Going against analysts' predictions, the Untied Kingdom created history by deciding to leave the European Union on Friday, the Telegraph reported. 

At present, more than 93 percent of the votes have been counted, and the "leave" campaign has won 51.8 percent, while the "remain" camp has garnered 48.2 percent of the votes.

"I'm so greatful to the British people for stranding up to all the scaremongering and the threats and the blackmail ... and just showing good British grit and common sense," MEP David Campbell Bannerman told the publication.

India's reaction to Brexit

An Indian finance ministry official on Friday said India had the "firepower" to withstand Britain's exit from the European Union (EU). It would speed up growth programmes to offset the impact of the U.K. quitting the bloc. The South Asian nation does not expect its foreign trade to suffer due the impact, Reuters reported.

"India is prepared for all eventualities," Shaktikanta Das, Economic Affairs secretary, was quoted as saying by the agency.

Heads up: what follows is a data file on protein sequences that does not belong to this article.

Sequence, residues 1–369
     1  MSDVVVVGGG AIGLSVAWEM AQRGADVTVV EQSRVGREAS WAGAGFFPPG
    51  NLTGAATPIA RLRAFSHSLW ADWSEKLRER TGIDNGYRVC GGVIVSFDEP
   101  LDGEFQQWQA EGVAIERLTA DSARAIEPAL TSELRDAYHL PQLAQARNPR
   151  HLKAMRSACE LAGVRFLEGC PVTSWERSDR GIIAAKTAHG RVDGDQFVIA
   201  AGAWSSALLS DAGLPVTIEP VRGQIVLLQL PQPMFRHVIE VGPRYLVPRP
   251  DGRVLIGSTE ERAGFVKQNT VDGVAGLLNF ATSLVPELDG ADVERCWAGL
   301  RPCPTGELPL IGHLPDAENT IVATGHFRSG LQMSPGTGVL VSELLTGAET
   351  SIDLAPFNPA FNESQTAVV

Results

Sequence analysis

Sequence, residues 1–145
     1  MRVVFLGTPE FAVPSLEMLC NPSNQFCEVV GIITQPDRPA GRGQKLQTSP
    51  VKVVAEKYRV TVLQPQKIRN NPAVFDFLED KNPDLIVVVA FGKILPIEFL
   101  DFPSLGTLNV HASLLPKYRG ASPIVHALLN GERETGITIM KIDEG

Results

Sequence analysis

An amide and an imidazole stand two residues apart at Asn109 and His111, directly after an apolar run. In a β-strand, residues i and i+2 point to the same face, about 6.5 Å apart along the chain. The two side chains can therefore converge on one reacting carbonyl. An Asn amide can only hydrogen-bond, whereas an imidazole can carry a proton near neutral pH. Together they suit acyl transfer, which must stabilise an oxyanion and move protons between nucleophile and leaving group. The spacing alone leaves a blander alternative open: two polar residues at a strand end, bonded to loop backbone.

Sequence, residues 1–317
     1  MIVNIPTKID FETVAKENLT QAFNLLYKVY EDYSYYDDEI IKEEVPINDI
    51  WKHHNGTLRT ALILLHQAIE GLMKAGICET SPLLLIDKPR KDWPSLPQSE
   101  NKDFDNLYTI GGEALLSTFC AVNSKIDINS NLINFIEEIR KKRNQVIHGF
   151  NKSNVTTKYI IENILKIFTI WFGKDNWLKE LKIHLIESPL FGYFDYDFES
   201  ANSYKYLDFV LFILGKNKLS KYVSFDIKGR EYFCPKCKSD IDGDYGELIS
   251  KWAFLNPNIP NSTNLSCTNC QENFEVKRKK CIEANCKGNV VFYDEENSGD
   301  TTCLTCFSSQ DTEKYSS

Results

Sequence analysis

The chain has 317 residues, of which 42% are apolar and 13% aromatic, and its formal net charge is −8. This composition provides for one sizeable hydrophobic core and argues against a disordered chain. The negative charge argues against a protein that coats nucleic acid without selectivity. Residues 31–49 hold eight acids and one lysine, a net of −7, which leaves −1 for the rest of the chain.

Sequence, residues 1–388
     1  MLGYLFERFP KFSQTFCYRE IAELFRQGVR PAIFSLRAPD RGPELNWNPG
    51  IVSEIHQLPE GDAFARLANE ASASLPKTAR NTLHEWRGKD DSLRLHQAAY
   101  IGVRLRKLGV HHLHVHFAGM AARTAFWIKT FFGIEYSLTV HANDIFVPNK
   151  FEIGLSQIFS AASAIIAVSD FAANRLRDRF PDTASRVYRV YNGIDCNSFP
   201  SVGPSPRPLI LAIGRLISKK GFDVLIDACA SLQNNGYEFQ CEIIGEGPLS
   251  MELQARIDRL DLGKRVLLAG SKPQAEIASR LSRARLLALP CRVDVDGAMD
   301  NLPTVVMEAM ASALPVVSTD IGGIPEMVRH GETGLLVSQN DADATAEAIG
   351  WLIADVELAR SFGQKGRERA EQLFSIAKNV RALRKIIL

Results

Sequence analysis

India's ministry of external affairs tweeted as saying-

Here are some of the reactions on Brexit

Nigel Farage, Leader of U.K. Independence Party (UKIP) and member of European Parliament for the South East of England also expressed his view on Twitter. 

Meanwhile, Australian Prime Minister Malcolm Turnball said the immediate impact of the U.K.'s referendrum will be very limited. In a press statement, Turnball said "the impact on Australia immediately, directly, from a legal point of view, will be very limited because it will take some years for the United Kingdom to leave the European Union, to negotiate an exit. However, we've seen already large falls on stock markets and there will be a degree of uncertainty for some time," the Guardian reported.

Here are tweets from others:

Britain's Prime Minister David Cameron thanked Britons for staying together.